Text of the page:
Apart from the non-Western/non-Hollywood and Third cinema models, another way of conceiving world cinema is as the sum total of all the national cinemas in the world. For example, some contemporary critics refer to Iran as the world’s most important national cinema, with an artistic significance that invites comparison to Italian neorealism (Tapper 2002). In his book Close Up: Iranian Cinema, Past, Present, Future (2001) Dabashi describes modern Iranian cinema and the phenomenon of [Iranian] national cinema as a form of cultural modernity. With its distinct style, themes, cultural references and idea of nationhood, post-revolutionary Iranian cinema has been celebrated in many international festivals. Films such as Taste of Cherry and Ten by Abbas Kiarostami, The Circle and Crimson Gold by Jafar Panahi, as well as the increasing amount of works by women filmmakers e.g. The Apple, At Five in the Afternoon by Samira Makhmalbaf, the May Lady, Our Times by Rakhshan Bani-Etemad, placed Iranian cinema firmly on the map of world cinema.
Conceiving world cinema is as the sum total of all the national cinemas in the world is however equally problematic because, as Dennison & Lim cogently argue, it denies the possibility of other ways of organising the world (e.g. by gender, sexuality, economic power) and it also risks overlooking other modes of film practices (e.g. feminist cinema, queer cinema, regional, sub-state, diasporic, nomadic cinema etc). Moreover, essentialist conceptions of the nation-state and national identity have become increasingly problematised in the recent decades. Due to the accelerated transnational flows of people, technology, finance, media images and ideologies taking place worldwide, it is difficult to conceive of nation-states as retaining the political, cultural and economic autonomy and unity that they generally enjoyed prior to 1945.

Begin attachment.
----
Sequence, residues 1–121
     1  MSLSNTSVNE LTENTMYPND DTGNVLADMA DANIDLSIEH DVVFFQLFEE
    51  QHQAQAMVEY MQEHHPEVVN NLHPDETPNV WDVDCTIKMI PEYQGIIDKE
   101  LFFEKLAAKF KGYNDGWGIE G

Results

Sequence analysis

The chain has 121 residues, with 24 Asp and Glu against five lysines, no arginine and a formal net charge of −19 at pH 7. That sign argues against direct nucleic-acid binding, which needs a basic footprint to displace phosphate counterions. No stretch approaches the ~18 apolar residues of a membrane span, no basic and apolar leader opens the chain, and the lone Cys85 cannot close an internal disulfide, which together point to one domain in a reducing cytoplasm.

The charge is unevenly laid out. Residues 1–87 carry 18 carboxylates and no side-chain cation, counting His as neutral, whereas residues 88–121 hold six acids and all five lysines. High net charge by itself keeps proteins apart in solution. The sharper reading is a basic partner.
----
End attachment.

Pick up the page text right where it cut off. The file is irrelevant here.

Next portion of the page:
Stephen Crofts, for instance, questions the putative national spirit that had been ascribed to national cinemas until the 1980s, arguing for the constructedness of the “imagined community” (1998:385). Based on criteria such as types of production, distribution and exhibition, audiences, discourses, textuality, national-cultural specificity, Crofts distinguishes between eight varieties of nation-state cinema: 1) United States cinema, including the recent medium-budget “independent” films; 2) Asian commercial successes e.g. Indian, Japanese, Hong-Kong cinemas; 3) other entertainment cinemas e.g. European and Third World commercial cinemas which adopt genres such as melodrama, thriller and comedy; 4) Totalitarian cinemas e.g. those of fascist Germany and Italy, communist China, the Soviet Union; 5) art cinemas; 6) international co-productions; 7) Third Cinema in its original anti-imperialist sense but expanded to include films with “a historically analytic yet culturally specific mode of cinematic discourse” (Willemen 1987:8); 7) sub-state cinemas, ethnically defined as indigenous or diasporic populations giving expression to their distinctive cultures e.g. Catalan, Quebeqois, Welsh cinemas (Crofts 1998:390).